The Boring Company is proposing a project on the East Coast to build Loop, a high-speed underground public transportation system. The DC-Maryland Loop would consist of the construction of a set of parallel, twin underground tunnels. This transportation system would create a significant public benefit due to decreased commute times, decreased urban congestion, decreased public transportation trip times, decreased transportation costs/fares, and decreased greenhouse gas emissions.
Where would this tunnel alignment run?
The proposed twin tunnels would run in parallel for approximately 35 miles from downtown DC to downtown Baltimore, beneath New York Avenue and then the Baltimore-Washington Parkway. This would serve as the central artery for a potential future transportation network which would hopefully be extended to New York. See the station question/map further down in the page for the communities Loop could eventually service.
Loop is a high-speed underground public transportation system in which passengers are transported on autonomous electric skates traveling at 125-150 miles per hour. Electric skates will carry between 8 and 16 passengers, or a single passenger vehicle. See FAQ for additional information.
Who is paying for this?
The Boring Company. This project would be 100% privately funded.
Is this completely underground?
Yes. The entire 35-mile alignment is subsurface. The only surface penetrations that would occur are:
- Approximately 4 tunnel boring machine “launch pits” would be located on private property adjacent to the alignment. Construction of the pits would take approximately 4 weeks.
- Approximately 20 (and no more than 70) ventilation shafts/emergency exits: They would be located on private property adjacent to the alignment. The shafts are between 12 and 24 feet in diameter. A connecting subsurface tunnel is built between the shaft and the tunnel.
- Any potential future stations (see question on stations below).
How deep will the tunnel be?
While depth will vary, we will generally be at least 30-feet deep in order to ensure that construction is imperceptible at the surface.
What land would this be under?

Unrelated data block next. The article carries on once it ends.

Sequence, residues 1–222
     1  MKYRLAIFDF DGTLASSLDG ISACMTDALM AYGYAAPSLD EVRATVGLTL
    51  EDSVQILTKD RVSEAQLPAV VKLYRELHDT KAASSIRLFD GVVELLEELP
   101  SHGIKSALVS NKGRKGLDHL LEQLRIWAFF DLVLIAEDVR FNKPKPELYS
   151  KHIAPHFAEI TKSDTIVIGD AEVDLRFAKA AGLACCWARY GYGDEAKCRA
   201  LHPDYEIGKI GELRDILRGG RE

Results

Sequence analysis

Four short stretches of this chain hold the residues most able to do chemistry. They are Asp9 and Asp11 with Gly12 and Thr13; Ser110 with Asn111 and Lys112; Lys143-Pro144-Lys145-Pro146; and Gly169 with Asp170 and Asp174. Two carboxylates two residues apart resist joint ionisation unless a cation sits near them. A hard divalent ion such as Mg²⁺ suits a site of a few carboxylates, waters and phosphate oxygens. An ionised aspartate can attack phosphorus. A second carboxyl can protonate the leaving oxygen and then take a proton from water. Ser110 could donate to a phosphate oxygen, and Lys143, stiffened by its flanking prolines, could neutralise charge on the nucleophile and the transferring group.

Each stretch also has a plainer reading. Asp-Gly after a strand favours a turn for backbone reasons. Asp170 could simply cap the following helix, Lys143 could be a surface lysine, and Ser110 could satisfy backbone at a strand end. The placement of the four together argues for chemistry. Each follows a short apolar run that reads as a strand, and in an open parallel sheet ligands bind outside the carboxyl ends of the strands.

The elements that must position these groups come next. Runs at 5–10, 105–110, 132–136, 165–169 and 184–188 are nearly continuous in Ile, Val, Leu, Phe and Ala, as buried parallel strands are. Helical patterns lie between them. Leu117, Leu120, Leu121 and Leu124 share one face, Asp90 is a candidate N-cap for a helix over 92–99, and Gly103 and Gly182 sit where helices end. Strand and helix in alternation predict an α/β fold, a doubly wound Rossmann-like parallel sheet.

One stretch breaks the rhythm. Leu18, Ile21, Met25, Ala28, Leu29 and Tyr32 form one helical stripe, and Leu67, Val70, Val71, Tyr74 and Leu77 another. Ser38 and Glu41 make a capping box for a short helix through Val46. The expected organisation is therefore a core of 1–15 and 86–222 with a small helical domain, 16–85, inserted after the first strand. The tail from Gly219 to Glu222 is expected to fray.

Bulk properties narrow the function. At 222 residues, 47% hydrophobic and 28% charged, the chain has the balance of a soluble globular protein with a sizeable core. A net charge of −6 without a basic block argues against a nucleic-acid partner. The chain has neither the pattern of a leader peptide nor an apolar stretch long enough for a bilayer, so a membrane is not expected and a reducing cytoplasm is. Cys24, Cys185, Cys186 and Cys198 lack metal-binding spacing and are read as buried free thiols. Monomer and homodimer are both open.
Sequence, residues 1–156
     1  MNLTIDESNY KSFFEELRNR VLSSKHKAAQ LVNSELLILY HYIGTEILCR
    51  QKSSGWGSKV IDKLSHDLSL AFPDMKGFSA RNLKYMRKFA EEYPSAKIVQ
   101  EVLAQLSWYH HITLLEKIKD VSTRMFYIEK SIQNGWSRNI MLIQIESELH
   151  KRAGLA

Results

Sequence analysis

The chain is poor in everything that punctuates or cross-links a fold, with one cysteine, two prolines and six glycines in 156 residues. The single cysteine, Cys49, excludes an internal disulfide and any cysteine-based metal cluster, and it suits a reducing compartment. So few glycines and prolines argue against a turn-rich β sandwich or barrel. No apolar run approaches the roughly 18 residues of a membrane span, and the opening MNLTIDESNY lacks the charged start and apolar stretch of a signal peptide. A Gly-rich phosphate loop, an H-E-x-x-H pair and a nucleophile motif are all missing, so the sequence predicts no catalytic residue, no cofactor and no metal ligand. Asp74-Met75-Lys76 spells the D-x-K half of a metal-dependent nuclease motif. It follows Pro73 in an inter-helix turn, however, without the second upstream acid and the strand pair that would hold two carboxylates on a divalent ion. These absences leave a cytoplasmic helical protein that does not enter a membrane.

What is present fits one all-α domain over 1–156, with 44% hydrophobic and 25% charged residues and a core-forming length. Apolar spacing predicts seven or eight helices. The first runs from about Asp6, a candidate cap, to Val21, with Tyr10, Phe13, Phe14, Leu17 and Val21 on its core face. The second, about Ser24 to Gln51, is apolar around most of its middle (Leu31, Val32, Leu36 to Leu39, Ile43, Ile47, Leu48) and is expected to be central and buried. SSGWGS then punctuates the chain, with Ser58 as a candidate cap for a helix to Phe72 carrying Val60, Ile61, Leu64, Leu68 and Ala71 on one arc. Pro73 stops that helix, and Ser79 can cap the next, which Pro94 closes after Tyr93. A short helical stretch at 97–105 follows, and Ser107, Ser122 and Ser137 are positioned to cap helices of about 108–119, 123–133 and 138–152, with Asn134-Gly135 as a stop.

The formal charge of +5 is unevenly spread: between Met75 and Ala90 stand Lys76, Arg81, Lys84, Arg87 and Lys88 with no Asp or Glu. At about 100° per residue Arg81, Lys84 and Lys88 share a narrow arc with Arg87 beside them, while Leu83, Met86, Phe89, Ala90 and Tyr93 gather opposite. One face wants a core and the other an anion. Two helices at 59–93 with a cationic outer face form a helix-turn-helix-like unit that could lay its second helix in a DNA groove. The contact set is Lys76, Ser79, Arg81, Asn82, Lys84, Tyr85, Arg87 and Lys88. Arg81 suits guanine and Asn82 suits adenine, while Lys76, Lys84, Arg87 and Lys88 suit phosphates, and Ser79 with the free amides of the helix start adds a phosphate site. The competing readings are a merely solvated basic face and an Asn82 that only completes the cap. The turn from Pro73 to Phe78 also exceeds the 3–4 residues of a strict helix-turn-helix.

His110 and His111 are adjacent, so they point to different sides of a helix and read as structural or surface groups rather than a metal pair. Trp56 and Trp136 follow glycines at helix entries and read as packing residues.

The only subsurface land utilized for the project would be beneath public right-of-way and beneath private land owned/leased by The Boring Company.
Would I see, hear, or feel the construction?
No. The construction would be silent and invisible at ground level along the alignment, and no surface vibrations would be felt. The only way to tell construction is occurring would be through the presence of construction trucks driving to/from the “launch pits”. See FAQ for more details.
How long would construction take?
Construction would take between 12 and 20 months depending on the achieved speed of the boring machine.
Which government agencies are involved in the process?
A lot! This includes, but is not limited to:
- Federal Highway Administration
- Federal Railroad Administration
- National Park Service
- US Army Corps of Engineers
- National Capital Planning Commission
- US Environmental Protection Agency
- DC Department of Transportation
- Baltimore City
- Maryland Department of Transportation
- Others - many federal/state/local agencies and bodies
Where would the stations go?
Stations, also known as General Access Points (GAPs), would be located on private land and most potential future stations would be small (the size of a few parking spaces) and widely distributed in a network, very different from large station termini considered for train systems. The currently proposed construction is for the critical central artery tunnel, and not for the stations.
See map below. Red spurs indicate potential expansion options, and are included as a concept, not as a finalized alignment. Specifics would be developed in cooperation with federal, state, and local agencies and the general public. The Boring Company looks forward to receiving feedback from Washington D.C. and Maryland residents on potential future station locations.
How long would the trip take?
Passengers would be able to travel from downtown DC to downtown Baltimore in approximately 15 minutes. Travel time to spots along the way vary linearly with distance – in other words, a trip from DC to Greenbelt would take approximately 5 minutes and from Laurel to Baltimore would take approximately 9 minutes. With Loop, all trips are express, independent of the number of stops along the alignment.
How much would a trip cost?
The fares are not finalized but would be comparable to or lower than current public transportation fares.
Is this for cars or people?
Both, but pedestrians and cyclists will be prioritized over cars.
Is this the same as MAGLEV?
No. These are two separate and unaffiliated projects. The two projects employ very different transportation architectures and technologies.
Is the idea that the Loop will become the Hyperloop someday?
Loop tunnels are designed to be compatible with Hyperloop requirements (see FAQ for the difference between Loop and Hyperloop). A Hyperloop trip from DC to New York would be less than 30 minutes, so we are hopeful that this tunnel could eventually be part of that trip.
How can I get more information or submit feedback?
Comments, questions, and station suggestions can be emailed to firstname.lastname@example.org. We will expand this project page over time to reflect the questions received.